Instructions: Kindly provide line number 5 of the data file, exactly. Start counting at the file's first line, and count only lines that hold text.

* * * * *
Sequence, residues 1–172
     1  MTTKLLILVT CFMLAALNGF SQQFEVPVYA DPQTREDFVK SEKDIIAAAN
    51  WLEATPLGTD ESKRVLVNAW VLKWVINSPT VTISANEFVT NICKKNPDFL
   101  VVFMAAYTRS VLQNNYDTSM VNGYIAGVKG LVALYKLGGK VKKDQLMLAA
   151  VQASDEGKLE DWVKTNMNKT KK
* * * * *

   151  VQASDEGKLE DWVKTNMNKT KK